“Safe and supportive housing is central to ensuring the health of Maine people,” said Beth Hamm, Deputy Commissioner of the Maine Department of Health and Human Services. “We join MaineHousing and Community Solutions in recognizing this important milestone, which reflects strong collaboration among our organizations that began early in the COVID-19 pandemic and will continue in advancing this vital work.”
In June 2021, Maine joined Built for Zero and is only the second state to launch a statewide strategy through Built for Zero. Built for Zero communities work to reach functional zero, a measurable end state where homelessness is rare and brief.
“Homelessness is a complex problem that is difficult to solve, often because of fragmentation across efforts to tackle the issue,” said Portfolio Lead of Large-Scale Change for Built for Zero, Melanie Lewis Dickerson. “We are excited to partner with Maine as they make critical investments in statewide infrastructure to help reduce and end homelessness across the state."
This month, the Built for Zero Maine state team was officially launched, with a mission to “clear the path” and remove any barriers preventing Hub teams from reaching their goals.
The first step in implementation is awarding the nine Service Hub Coordinator contracts. The contracts are awarded to the following agencies:
York County – York County Community Action Corporation
Cumberland County – United Way of Southern Maine
Midcoast, including Sagadahoc, Knox, Lincoln, Waldo counties and the towns of Brunswick and Harpswell – United Way of Southern Maine
Androscoggin County – Lewiston Housing Authority
Western Maine, Franklin and Oxford counties and the towns of Livermore and Livermore Falls in Androscoggin County – Western Maine Community Action
Central Maine, including the counties of Somerset and Kennebec – Volunteers of America Northern New England
Penquis, including the counties of Penobscot and Piscataquis – Community Health and Counseling Services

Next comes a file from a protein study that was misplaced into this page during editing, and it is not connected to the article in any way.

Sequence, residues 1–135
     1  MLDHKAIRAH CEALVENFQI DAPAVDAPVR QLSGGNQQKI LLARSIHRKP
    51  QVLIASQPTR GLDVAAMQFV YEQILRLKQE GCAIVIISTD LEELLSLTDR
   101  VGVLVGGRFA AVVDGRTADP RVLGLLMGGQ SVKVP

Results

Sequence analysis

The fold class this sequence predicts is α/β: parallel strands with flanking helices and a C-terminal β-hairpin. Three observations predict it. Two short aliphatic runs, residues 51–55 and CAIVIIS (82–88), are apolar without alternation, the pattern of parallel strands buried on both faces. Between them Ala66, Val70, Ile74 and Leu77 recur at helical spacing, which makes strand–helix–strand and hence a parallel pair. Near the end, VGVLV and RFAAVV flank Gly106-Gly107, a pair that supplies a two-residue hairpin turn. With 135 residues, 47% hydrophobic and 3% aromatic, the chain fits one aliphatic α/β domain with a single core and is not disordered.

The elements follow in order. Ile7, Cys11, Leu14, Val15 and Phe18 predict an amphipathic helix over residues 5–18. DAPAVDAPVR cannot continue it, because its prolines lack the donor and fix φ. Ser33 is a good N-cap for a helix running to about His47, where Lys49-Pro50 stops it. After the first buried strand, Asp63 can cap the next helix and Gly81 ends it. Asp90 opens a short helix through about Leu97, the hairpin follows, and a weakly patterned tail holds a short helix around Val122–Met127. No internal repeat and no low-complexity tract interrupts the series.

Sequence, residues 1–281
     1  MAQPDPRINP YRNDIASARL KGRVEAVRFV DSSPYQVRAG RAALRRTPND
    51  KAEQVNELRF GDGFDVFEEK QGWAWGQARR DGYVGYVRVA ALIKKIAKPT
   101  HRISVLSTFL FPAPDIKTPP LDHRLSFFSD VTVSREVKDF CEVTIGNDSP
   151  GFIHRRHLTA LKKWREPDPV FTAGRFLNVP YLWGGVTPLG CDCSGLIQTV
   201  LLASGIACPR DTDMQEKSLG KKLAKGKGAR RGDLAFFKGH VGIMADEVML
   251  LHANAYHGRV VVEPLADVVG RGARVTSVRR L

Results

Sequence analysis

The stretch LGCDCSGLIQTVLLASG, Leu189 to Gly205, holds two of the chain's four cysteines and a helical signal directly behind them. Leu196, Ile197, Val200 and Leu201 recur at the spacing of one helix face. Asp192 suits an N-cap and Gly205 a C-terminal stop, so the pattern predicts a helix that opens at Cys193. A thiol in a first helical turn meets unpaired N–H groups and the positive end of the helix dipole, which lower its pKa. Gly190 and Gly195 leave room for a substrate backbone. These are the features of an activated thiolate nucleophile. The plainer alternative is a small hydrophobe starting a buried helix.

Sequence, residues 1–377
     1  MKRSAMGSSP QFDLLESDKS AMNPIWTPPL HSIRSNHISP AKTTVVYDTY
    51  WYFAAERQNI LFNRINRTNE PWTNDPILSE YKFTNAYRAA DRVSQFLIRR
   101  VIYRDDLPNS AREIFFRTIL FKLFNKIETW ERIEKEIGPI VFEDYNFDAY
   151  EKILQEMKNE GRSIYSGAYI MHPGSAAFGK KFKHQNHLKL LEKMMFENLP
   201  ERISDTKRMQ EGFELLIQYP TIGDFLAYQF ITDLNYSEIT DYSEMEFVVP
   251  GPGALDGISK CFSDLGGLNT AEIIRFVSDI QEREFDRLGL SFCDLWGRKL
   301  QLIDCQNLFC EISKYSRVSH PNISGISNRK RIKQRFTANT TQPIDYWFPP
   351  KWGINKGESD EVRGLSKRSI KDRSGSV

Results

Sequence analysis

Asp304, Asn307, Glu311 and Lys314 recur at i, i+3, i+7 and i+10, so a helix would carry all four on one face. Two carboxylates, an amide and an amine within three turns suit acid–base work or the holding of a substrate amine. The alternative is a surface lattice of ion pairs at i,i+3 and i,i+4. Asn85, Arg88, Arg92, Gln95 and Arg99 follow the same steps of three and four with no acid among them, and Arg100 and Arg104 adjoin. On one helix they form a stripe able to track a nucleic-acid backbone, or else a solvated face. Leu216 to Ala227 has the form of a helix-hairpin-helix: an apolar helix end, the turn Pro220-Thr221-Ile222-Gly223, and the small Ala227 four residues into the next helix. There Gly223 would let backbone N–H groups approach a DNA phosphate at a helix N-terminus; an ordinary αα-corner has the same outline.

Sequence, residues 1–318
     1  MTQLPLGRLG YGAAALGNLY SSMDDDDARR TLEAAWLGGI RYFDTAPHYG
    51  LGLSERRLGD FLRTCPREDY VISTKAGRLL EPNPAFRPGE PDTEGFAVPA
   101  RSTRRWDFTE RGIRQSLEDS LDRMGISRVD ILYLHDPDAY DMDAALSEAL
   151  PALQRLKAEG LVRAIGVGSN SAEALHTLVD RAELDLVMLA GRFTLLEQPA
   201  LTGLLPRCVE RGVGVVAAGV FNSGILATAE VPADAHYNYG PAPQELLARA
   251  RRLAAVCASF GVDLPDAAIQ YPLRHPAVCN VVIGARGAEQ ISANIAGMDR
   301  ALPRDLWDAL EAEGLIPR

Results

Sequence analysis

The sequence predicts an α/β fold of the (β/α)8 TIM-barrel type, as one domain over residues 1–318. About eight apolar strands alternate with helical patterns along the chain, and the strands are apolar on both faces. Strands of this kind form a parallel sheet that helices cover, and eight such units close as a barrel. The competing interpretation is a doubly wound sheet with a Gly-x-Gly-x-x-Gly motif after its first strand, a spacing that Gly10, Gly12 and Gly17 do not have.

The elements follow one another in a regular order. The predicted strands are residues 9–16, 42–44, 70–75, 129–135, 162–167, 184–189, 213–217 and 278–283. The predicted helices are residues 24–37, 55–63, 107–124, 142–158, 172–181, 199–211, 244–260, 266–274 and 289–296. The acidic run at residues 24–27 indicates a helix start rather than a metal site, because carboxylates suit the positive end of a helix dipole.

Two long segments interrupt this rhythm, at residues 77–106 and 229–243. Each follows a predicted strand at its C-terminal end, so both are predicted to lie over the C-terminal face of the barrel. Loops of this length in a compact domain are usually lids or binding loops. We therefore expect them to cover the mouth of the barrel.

Downeast, including the counties of Washington and Hancock – Community Health and Counseling Services
Aroostook County – Aroostook County Community Action Program
“Homelessness comes in many shapes and sizes, but all of them involve people who need help and shelter,” said Kobi Perry, director of family and health services for Western Maine Community Action. “WMCA is happy to state that by embracing the statewide HUB delivery system and by hosting the Hub 5 Coordinator, we will maximize the help to those that need it in our region and statewide.”
In May 2022, hub teams will officially enroll in the national Built for Zero collaborative. The hubs will work to collect real-time, by-name data of those experiencing homelessness. From there, the Hub command centers will use the data to make the strategic investments needed to reduce homelessness.
MaineHousing has helped Maine people own, rent, repair, and heat their homes since 1969. MaineHousing is an independent state authority created to address the problems of unsafe, unsuitable, overcrowded, and unaffordable housing. MaineHousing is a $2.1 billion financial institution with a staff of over 190 people. MaineHousing assists more than 90,000 Maine households and invests more than $300 million in the Maine economy annually.